A second elevator was considered but was not programmed into the project primarily due to budget considerations, be we also discussed actual need.  Early in the design stage of the project one centrally located elevator was considered adequate. It is actually not uncommon to provide one elevator in a two story building of this size, although a second elevator is certainly more convenient, particularly at move-in. Adding the elevator now is a little more difficult but certainly not impossible or impractical.  The best location would probably be in area “C” which is the expansion space in the east end of the building near the current service drive.  This location would work with deliveries, and being future expansion space, construction would not interfere with currently planned occupancy and operations.  We project that a 4,000 lb. hydraulic service elevator with 2 stops will cost from $80,000 to $125,000, depending on the structural and electrical modifications required, but we need to consult with Cooper for more accurate estimates.  To proceed we would first need to identify an appropriate location, and have Cooper develop some preliminary estimates, then we would develop construction documents for the revision.  We would send the County a proposal for additional services prior to initiating these documents. We would send the County a proposal for additional services prior to initiating these documents.  Our fee would be approximately $8,000 to $10,000 depending on the location and elevator selection.  Once the drawings and specifications are complete Cooper could provide hard construction numbers for a change order and order the elevator, while we submit the documents to the Department of Labor for approval.  The design would require approximately three weeks from your authorization.  The DOL review will take four to five weeks. The lead time required to deliver the elevator is approximately six weeks.  Actual construction would probably take at least three months from completion of design to final occupancy.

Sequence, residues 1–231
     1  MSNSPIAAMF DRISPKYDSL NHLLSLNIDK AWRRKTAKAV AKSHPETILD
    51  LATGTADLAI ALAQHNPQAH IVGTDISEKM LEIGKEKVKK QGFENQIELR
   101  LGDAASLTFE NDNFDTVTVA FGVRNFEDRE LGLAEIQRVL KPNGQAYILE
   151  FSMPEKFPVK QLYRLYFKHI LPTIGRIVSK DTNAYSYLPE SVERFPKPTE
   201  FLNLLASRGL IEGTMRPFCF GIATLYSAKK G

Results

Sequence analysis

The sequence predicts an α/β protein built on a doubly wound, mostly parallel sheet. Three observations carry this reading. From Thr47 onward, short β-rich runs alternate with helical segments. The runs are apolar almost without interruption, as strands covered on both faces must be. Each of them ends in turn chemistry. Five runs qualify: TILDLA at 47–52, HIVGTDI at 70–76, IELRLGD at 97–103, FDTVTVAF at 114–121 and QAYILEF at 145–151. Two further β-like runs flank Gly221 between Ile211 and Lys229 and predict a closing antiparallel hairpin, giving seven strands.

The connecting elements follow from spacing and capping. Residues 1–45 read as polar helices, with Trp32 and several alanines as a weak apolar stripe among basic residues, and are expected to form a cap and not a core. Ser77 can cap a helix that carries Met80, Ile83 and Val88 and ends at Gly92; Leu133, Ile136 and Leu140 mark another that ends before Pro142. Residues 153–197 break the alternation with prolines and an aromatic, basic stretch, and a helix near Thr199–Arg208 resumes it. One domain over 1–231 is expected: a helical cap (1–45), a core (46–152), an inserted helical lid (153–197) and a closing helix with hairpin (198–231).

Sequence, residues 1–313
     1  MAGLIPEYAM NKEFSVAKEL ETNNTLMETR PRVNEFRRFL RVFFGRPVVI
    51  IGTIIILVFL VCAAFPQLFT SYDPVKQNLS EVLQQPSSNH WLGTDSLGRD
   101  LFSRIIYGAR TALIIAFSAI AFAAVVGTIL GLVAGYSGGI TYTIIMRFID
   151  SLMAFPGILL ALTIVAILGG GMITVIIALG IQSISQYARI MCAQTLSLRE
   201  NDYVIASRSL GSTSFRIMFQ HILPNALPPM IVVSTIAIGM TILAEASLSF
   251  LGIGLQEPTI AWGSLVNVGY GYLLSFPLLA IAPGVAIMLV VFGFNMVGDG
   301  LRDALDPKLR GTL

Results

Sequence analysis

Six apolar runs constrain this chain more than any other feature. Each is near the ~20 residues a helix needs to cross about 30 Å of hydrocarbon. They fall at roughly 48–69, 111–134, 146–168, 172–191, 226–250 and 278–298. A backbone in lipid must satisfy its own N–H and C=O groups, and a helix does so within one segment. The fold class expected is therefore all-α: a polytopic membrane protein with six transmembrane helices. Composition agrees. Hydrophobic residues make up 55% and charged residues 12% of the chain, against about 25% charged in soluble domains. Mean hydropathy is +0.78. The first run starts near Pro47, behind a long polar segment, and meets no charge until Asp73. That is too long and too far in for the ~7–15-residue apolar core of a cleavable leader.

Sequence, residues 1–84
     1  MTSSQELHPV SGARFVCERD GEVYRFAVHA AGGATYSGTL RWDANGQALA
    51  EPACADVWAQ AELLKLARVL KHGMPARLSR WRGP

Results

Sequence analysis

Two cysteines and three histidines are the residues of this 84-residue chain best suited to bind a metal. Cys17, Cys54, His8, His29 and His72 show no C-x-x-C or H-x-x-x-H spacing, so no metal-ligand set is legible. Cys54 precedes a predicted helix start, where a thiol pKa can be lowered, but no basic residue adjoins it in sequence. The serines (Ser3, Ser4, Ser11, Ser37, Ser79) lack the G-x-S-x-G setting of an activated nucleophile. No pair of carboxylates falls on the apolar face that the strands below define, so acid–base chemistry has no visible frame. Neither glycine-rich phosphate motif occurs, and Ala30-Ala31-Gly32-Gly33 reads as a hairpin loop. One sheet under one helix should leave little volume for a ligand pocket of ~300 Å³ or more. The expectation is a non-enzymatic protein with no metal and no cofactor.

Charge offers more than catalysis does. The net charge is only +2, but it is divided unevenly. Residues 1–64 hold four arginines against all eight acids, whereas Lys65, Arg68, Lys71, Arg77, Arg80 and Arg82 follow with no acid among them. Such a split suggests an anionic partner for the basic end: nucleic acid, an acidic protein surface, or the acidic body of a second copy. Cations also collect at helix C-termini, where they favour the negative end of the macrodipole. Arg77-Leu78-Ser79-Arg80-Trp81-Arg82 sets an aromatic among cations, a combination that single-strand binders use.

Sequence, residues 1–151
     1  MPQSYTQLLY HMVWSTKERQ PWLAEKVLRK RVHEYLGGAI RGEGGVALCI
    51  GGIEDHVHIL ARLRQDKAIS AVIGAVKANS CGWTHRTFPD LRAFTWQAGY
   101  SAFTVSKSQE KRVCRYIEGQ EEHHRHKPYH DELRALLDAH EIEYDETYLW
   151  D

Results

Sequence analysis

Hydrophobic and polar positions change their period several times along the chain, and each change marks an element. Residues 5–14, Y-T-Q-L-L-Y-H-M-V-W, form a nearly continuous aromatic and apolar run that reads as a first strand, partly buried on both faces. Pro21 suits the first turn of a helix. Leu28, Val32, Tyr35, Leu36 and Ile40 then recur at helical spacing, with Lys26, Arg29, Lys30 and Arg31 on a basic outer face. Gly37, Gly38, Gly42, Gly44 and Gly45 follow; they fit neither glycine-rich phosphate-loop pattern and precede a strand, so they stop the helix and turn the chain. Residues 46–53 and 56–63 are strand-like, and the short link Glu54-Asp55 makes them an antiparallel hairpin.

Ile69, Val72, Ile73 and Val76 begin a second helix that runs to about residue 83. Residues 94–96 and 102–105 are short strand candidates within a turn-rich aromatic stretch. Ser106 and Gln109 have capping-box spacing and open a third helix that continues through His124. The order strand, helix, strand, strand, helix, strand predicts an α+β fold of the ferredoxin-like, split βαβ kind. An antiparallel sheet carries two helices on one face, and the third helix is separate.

The County Manager recommended not proceeding with the construction of a second elevator at this time.  However, considering a second could be constructed in the future expansion area, it would be appropriate to re-evaluate the need of a second unit once operations in the new building have begun.


Following discussion, it was the consensus of the Board to accept staff’s recommendation to not proceed with a second elevator at this time.